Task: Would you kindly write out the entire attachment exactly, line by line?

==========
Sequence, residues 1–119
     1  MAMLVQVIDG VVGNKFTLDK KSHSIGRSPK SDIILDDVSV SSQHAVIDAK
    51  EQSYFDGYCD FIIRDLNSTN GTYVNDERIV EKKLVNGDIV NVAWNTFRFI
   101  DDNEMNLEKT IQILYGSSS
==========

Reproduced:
Sequence, residues 1–119
     1  MAMLVQVIDG VVGNKFTLDK KSHSIGRSPK SDIILDDVSV SSQHAVIDAK
    51  EQSYFDGYCD FIIRDLNSTN GTYVNDERIV EKKLVNGDIV NVAWNTFRFI
   101  DDNEMNLEKT IQILYGSSS